Office Hours: 7:30AM- 4:00PM | Student School Day 9:00AM-3:11PM
Principal: David Copenbarger email@example.com Main Phone: 702-799-8990
Exposure to COVID-19 is an inherent risk in any public location where people are present; The Clark County School District cannot guarantee you will not be exposed during your attendance at an event/CCSD site. Per state and local guidelines, individuals are strongly recommended to wear a face mask indoors, stay home when an individual is sick, and practice good hand hygiene.
About Edna F. Hinman Elementary
Dr. Edna Fullmer Hinman was an extraordinary elementary school educator and advocate for the mentally ill. She recently "retired" to the Big School House in the Sky, having died Sept. 12, 2011. She had reached the age of 91. She was born in November 1919 in Rigby, Idaho. Her parents, H.E. and Mary Pfost Fullmer, were homesteaders, educators and ranchers for many years in the southeast Idaho area. She did love to tell stories about growing up "on the ranch" and telling all the kids and grandkids what it was like when she "was a youngster."
Edna always was a go-getter. She received her associate's degree in 1939 and a bachelor's degree in 1956 from Ricks College, then a master's degree in school administration from San Jose State College in 1959. After several years in the education field, she attended Utah State University where she received her doctorate in education in school administration in 1967. She was an early graduate of that program, and when she returned to the Clark County School District in Las Vegas, Nev., she convinced a number of other administrator colleagues to also attend USU.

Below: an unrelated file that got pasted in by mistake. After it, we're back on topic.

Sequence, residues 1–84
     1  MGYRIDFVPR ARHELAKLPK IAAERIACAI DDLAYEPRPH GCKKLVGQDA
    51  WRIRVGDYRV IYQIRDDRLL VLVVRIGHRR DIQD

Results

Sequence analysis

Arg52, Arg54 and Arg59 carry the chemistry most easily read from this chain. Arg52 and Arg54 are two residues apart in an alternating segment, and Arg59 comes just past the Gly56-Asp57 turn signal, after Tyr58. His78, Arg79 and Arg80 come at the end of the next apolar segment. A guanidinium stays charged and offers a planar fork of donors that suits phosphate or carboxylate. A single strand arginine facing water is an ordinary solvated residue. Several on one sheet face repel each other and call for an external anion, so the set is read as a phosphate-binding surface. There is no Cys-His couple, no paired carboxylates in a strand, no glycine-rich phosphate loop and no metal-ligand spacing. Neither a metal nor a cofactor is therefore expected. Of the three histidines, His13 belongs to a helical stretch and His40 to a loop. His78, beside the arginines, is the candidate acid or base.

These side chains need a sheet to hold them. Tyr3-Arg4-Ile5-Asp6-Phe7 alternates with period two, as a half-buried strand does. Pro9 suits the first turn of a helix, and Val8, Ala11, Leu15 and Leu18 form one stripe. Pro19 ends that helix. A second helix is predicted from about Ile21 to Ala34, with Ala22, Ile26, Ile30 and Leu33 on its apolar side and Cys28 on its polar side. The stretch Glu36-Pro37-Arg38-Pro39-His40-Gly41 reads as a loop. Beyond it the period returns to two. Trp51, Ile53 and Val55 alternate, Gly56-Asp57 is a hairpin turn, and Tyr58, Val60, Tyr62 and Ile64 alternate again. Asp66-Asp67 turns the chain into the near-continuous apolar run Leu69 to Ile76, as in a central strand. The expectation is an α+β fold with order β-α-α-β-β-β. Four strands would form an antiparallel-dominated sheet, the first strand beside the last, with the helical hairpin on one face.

As one of only three female principals in the entire district, she worked very hard to open the door for additional women to become administrators. She eventually became the associate superintendent of the Clark County School District for Elementary Education. So if you ever think one person cannot make a difference, think again! She retired from the district in 1985 and was honored by a school named for her in Henderson, Nev. April 28, 1984, was named "Edna Hinman Day" in her honor. Her school career spanned 46 years in six states. Prior to her death, a scholarship fund in her name was created at Utah State University in the College of Education and Human Services to support other educators to follow in her footsteps and become the high-quality education administrators that the U.S. education system so desperately needs.
Not one to "rest easy," Edna moved to Cache Valley, where she chartered the first chapter of the Cache Valley Alliance for the Mentally Ill, serving as president for the first eight years. At the same time, she served on the Utah Alliance for the Mentally Ill and was an advisory board member for Utah Vocational Rehabilitation. She served on the Utah Division of Mental Health Planning Commission for eight years, and she was very active in raising funds for the building of the Bear River Club House in Logan. She received the Distinguished Service Award from Utah State University in 2000 for her many years of service, and the USU Diversity Award for a community member in 2001.
Edna married Ralph Hinman on Aug. 25, 1944. She moved with him to Illinois, then California and finally Nevada, where Ralph became a successful professional gambler until his death in 1983.
Edna is survived by her son, Steven Cody Hinman of Logan, Utah. She is also survived by two sisters, Donna Shindurling and Ruby Christensen, both of Idaho Falls, Idaho. Her husband, Ralph, preceded her in death; as did her sister, Jesse Faupell of North Logan; brother, Robert Fullmer, of Las Vegas; sister-in-law, Anna Fullmer, of Las Vegas; and two brothers-in-law, Boyd "Bud" Shindurling of Idaho Falls, Idaho, and Lloyd Christensen of Blackfoot, Idaho.
An obituary cannot do justice to the impact of Edna on the lives of her family, her many students and to the mentally ill (especially in Cache Valley). She was a tireless advocate for the mentally ill. It takes one person to say "I can do that" and she said it often. It takes one person to say "you can count on me" - she did it and always made a difference. Edna would challenge you to live to your potential; in her memory, go out and make a difference in someone's life.
Published in Logan Herald Journal from September 17 to October 1, 2011